Learning about Learning

Jack, Joseph and Morton Mandel Center for Studies in Jewish Education, Brandeis University

Tag: teacher preparation (page 1 of 5)

Talking about Race in Jewish Day Schools

Due to a last-minute conflict, Yavilah McCoy of Dimensions Educational Consulting was unable to attend the recent Mandel Center conference, Inside Jewish Day Schools. Instead, she graciously pre-recorded this stirring framing statement for our panel entitled  “Embracing Diversity, Teaching Equity: Race and Ethnicity in Jewish Day Schools,” providing a context and a rationale for centering race and ethnicity in our conversations about teaching and learning and school culture in yeshivas and Jewish day schools.

 

 

 

Continued Reflections from IJDS Conference: Creative Tensions Around Pluralism

by Rabbi Judd Kruger Levingston, Ph.D.

“Rabbi Lev, how come we have to go to Shaharit services?  It’s a pluralistic day school!”
“Rabbi Lev, why can girls wear leggings, but the boys have to wear khakis?  It’s a pluralistic school!”
“Why do boys have to wear a kippa in Jewish studies classes?  Can’t it be optional?  Isn’t this a pluralistic school?”
“Shouldn’t we be hearing more from the pro-Israel community?”
“Why don’t we hear more from the left?”

Attending this conference, Inside Jewish Day Schools, brought a welcome immersion in Jewish day school dilemmas, tensions, successes, and questions, some of which greet me every morning when I walk into my classroom.  Participants came to the conference from universities, professional training programs, and from classrooms and administrative wings of Jewish day schools throughout the country. Each session provided opportunities to hear about research and practice; to question whose voices are loudest; and to consider whose voices from among our many stakeholders might go unheard and stay silent at any given moment.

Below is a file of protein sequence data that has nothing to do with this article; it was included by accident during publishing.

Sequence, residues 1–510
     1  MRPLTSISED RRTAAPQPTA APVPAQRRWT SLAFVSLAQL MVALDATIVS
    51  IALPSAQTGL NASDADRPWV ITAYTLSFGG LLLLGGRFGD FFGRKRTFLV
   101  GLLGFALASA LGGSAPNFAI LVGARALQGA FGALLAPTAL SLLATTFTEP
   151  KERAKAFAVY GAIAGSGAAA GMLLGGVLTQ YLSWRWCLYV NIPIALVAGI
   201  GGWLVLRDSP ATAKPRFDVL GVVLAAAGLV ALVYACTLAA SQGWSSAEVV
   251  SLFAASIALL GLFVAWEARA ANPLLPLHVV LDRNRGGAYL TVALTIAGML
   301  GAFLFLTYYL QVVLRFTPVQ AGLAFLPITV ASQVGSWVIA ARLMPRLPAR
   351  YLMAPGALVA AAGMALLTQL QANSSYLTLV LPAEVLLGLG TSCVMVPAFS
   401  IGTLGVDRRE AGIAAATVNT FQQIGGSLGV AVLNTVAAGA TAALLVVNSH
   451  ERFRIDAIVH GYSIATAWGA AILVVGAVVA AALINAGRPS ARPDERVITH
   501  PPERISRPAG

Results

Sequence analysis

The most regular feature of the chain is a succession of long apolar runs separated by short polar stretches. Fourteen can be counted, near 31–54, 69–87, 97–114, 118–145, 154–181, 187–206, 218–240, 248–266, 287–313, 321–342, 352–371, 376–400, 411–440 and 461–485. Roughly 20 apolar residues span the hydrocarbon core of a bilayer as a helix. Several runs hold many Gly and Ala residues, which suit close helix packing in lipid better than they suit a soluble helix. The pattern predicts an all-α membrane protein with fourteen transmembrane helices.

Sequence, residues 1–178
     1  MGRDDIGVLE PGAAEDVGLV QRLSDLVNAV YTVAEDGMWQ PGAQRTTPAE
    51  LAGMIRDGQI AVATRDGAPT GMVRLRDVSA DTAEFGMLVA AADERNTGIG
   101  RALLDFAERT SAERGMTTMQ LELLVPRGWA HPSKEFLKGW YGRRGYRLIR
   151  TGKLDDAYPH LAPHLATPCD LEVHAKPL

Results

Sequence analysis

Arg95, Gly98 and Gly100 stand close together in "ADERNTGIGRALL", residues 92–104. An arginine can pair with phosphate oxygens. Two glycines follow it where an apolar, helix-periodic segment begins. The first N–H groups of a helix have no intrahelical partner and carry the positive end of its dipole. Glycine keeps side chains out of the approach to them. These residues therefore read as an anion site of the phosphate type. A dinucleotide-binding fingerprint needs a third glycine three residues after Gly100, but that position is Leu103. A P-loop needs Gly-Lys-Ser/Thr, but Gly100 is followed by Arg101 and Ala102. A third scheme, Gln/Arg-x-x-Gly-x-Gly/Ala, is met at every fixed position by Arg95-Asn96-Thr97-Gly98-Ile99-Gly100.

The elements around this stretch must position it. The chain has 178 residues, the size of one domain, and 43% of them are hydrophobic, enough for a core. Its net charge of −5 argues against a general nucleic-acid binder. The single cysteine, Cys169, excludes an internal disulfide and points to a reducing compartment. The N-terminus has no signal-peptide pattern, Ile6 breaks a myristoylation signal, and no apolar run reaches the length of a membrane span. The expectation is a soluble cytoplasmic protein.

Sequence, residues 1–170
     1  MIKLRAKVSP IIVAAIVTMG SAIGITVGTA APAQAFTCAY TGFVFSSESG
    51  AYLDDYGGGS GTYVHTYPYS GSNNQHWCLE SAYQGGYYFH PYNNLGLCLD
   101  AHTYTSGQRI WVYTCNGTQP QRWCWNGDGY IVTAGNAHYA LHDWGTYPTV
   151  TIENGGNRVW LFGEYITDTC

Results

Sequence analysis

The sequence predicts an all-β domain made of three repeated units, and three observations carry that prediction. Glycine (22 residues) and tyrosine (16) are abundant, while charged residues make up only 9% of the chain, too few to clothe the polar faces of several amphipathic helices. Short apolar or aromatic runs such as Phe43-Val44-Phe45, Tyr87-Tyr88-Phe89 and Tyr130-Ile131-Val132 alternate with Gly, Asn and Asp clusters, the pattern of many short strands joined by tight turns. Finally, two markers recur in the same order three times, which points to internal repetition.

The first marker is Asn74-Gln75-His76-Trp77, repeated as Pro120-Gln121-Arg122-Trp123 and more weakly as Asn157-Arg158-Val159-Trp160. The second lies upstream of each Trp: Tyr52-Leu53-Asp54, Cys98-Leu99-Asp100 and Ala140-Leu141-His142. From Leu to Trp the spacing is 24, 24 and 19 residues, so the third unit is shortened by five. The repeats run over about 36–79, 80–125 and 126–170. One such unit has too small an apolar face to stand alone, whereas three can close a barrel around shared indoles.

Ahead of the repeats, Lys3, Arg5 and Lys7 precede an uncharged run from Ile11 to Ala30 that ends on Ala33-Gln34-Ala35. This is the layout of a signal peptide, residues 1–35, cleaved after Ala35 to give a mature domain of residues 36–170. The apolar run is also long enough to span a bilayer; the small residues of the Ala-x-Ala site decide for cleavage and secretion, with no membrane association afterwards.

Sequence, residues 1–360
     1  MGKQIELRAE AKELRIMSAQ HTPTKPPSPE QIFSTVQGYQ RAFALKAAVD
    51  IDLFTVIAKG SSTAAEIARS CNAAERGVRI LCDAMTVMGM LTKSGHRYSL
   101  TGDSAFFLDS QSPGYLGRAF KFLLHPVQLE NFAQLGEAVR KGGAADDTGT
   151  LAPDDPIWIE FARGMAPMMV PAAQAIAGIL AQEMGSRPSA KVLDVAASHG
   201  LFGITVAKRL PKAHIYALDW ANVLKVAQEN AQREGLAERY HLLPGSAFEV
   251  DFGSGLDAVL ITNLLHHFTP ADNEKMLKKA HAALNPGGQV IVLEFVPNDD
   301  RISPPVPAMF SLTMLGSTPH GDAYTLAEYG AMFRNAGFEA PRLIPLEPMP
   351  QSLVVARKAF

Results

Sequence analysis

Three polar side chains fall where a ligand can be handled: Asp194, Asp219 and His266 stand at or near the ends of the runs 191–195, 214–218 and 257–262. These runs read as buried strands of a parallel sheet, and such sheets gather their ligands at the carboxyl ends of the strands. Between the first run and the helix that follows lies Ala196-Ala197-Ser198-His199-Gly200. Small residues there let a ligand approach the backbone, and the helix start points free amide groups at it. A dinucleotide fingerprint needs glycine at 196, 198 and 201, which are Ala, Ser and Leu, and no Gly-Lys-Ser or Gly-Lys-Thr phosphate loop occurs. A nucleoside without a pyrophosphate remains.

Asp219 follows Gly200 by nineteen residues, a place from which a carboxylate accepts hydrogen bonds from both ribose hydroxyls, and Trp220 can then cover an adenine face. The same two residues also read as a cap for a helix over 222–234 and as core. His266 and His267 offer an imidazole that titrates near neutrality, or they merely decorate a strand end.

As the Director of Jewish Studies at Jack M. Barrack Hebrew Academy in the Philadelphia area, I oversee the Jewish studies curriculum and Jewish life at our 6th-12th grade pluralistic school, and each day brings questions that call us to take seriously our commitment to pluralism:

Should we emphasize depth or breadth?

Should we continue to emphasize the teaching of Jewish texts in the original Hebrew or should we provide more materials in translation?

When our students say that they love our school because it feels like camp, should we take them seriously and loosen up a little?

Alternatively, when our teachers say that they wish our Jewish studies classes were more like AP Chem, because then our students will take our classes more seriously, should we take them seriously and toughen up a little?

A single conference can’t answer every question, but it certainly validated that my colleagues and I at Barrack Hebrew Academy are not at all alone in wrestling with these questions.

Continue reading

How Day School Teachers See Their Working Conditions, and Why This Matters

Research shows[1] that school contexts influence teachers’ career decisions and their effectiveness. From the mid-nineteen-seventies to the present, researchers have examined how the organizational contexts of schools support and constrain teachers and teaching. Based on extensive observations and interviews as well as large-scale surveys, a robust body of evidence challenges the belief that teachers’ career decisions and success are mainly related to the students they teach rather than the conditions under which they work.